The Friendship Dolls and Dr. Sidney Gulick (1860 – 1945)
Dr. Sidney Gulick had been a missionary in Japan for 25 years and was fluent in that country’s language and customs. Ill health forced him to return to the United States in 1913, but as he recuperated he watched with alarm the passage of a series of anti-Japanese laws, including the 1924 immigration law that effectively ended Japanese immigration. Gulick understood the difficulty of changing the minds of adults, so in 1926 he formed the Committee on World Friendship Among Children. That organization’s main project focused on sending American dolls to Japan in time for the traditional Japanese doll festival (O Hina Matsuri) to be held on March 3, 1927.
Dr. Gulick’s project captured the imagination of teachers and children across the United States. Dolls were donated from all corners of the country, and each was given a symbolic passport, a steamship ticket, and handwritten letters from American children. Five steamship companies donated space for the dolls and an astonishing 12,739 dolls were shipped to Japan, where they received a warm welcome and were distributed to schools through the country.
Though many of the dolls sent to Japan had other than blue eyes, Japanese school children quickly connected Dr. Gulick’s friendship dolls with a song written in 1921, by Ujo NOGUCHI, a famous Japanese poet and songwriter who specialized in songs and nursery rhymes for children. The sad lyrics for his song are about a doll that arrives in Japan alone and in need of friendship. The dolls and NOGUCHI’s song have been intertwined ever since.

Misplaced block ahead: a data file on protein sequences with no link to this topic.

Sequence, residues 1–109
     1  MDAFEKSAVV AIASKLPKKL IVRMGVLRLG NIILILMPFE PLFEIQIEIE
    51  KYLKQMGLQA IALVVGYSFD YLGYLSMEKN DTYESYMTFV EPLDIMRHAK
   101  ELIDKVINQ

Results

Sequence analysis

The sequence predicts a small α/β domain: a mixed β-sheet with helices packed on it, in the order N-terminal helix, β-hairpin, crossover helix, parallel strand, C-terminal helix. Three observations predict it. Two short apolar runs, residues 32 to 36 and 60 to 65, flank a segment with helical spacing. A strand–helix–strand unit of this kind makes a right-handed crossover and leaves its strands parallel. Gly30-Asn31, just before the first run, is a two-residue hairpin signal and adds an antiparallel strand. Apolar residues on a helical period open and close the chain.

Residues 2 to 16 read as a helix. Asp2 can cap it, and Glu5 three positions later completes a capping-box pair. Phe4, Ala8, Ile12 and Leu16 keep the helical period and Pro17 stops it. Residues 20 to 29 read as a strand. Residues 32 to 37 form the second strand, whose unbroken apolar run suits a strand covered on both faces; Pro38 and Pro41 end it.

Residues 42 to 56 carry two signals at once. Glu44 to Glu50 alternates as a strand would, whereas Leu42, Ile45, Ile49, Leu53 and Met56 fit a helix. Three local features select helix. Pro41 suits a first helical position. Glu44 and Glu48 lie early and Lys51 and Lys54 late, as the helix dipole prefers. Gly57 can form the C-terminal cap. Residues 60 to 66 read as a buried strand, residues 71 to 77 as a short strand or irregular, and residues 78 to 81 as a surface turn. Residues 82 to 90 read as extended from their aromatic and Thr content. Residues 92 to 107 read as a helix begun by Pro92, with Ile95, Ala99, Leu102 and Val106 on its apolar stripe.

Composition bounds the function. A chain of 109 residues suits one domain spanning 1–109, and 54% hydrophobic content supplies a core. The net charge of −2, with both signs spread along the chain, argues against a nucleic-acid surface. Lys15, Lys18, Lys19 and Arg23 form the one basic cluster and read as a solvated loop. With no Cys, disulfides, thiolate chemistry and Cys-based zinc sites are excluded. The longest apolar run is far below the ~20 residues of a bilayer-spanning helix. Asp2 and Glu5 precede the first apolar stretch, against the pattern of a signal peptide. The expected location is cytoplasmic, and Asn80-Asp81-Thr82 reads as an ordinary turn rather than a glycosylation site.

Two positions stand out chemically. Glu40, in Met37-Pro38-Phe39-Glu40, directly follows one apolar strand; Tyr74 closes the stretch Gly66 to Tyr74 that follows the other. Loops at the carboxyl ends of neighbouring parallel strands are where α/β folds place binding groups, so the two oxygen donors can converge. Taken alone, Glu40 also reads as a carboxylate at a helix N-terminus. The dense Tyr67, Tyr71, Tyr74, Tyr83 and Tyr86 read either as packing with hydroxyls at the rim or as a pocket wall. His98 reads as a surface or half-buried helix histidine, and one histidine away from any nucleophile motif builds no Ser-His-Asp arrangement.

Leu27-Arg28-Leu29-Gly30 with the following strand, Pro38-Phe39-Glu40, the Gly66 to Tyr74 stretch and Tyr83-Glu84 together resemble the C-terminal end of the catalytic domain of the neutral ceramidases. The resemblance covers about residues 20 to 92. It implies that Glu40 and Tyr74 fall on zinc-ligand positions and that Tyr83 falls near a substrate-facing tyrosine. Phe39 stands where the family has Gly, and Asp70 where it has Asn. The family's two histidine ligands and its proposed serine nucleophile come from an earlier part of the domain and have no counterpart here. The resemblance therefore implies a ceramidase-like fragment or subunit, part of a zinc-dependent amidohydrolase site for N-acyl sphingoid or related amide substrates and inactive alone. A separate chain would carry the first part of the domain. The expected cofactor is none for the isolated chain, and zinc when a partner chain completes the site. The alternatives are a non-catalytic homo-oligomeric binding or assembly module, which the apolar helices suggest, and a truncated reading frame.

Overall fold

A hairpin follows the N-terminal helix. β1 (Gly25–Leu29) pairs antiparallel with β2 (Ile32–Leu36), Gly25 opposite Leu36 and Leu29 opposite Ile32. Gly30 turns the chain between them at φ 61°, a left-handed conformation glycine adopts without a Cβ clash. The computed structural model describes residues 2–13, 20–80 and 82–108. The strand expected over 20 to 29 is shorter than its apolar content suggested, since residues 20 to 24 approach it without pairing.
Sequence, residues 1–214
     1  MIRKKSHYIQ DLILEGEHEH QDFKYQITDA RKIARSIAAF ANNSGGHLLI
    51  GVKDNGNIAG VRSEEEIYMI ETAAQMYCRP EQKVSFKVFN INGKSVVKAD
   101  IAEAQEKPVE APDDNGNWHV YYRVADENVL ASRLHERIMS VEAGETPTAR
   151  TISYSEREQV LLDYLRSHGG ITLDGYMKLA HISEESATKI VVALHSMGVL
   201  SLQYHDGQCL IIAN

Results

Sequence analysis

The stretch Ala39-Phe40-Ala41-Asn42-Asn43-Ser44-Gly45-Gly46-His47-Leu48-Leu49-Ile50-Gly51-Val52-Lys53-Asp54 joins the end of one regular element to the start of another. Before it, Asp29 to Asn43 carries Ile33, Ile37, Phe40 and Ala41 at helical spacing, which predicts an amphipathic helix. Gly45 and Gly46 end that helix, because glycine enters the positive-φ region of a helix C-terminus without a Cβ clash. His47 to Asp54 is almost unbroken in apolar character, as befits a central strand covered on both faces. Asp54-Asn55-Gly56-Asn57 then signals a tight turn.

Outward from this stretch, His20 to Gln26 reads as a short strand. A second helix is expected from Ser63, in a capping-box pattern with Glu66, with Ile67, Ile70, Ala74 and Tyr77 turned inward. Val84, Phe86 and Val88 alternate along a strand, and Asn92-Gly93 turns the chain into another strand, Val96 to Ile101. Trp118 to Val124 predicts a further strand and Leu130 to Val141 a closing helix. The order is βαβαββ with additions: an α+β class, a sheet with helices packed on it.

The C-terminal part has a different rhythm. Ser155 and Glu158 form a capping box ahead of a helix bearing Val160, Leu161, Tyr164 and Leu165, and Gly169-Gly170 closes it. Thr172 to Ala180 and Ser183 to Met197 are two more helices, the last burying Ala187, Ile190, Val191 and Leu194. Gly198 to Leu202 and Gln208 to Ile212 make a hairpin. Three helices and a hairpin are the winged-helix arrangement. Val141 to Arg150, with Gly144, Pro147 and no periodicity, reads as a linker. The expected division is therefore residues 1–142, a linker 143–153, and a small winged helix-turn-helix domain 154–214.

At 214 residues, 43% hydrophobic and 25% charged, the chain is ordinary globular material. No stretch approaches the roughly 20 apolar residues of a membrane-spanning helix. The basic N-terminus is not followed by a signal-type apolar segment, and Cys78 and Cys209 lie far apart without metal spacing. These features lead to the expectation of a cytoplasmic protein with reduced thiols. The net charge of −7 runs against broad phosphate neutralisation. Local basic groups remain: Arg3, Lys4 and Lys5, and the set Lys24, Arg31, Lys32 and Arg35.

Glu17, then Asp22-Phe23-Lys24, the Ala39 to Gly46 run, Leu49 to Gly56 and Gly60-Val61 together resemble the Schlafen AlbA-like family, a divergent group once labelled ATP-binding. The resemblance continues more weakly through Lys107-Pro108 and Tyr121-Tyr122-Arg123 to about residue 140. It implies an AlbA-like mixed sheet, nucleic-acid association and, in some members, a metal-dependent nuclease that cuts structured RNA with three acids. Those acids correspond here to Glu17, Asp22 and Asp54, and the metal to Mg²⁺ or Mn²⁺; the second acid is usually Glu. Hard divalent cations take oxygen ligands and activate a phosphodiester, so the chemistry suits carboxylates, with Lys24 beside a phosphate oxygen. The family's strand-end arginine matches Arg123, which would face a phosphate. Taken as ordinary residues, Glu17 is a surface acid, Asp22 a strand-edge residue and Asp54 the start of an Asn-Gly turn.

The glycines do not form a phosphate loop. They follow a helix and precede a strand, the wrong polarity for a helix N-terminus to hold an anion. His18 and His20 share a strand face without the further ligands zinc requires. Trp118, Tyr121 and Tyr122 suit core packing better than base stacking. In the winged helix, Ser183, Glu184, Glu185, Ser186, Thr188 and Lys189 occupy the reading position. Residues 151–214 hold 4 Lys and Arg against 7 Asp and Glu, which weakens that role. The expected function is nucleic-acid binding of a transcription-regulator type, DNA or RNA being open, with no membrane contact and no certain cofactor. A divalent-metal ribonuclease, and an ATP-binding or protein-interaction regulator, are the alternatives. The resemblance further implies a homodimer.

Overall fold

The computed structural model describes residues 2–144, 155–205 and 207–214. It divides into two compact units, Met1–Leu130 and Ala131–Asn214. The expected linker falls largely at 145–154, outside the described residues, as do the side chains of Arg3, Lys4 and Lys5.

The Japanese Response – The Return Gift Dolls, Fall 1927
As is their custom, the Japanese children immediately wanted to respond to the American dolls by sending Japanese dolls back to America. Under the leadership of Eiichi SHIBUSAWA and the Japan International Children’s Friendship Association, a furious effort was begun to raise funds for some Japanese dolls to arrive in the United States by Christmas. Japanese school children raised funds and traditional Japanese puppet craftsmen were employed to build 58 large dolls (each doll was 32 inches tall) that were then dressed in traditional costumes and placed in special chests for shipping. These dolls, too, carried Japanese passports, and they were sponsored by the six largest Japanese cities and all of Japan’s prefectures. The dolls disembarked from Yokohama, Japan, in September 1927, bound for the United States.
The Japanese Friendship Dolls arrived in San Francisco on November 25, 1927, and a welcoming ceremony was held at a Japanese school in that city two days later. The dolls then went on tour across the country before being distributed to every state in the union.
Casualties of War – The Dolls and World War II
With the beginning of the war, the dolls became symbols of “the enemy” on both sides of the Pacific. In Japan, the military authorities outlawed the dolls and demanded that they be destroyed. The vast majority of the American dolls were destroyed as ordered. However, all across Japan brave parents and teachers defied the order and hid the dolls away or buried them for safekeepiing, in hopes that there would be a future time when the dolls could resume their work as ambassadors of peace and good will.
In the United States, though there was no official government mandate, the Japanese dolls quietly disappeared.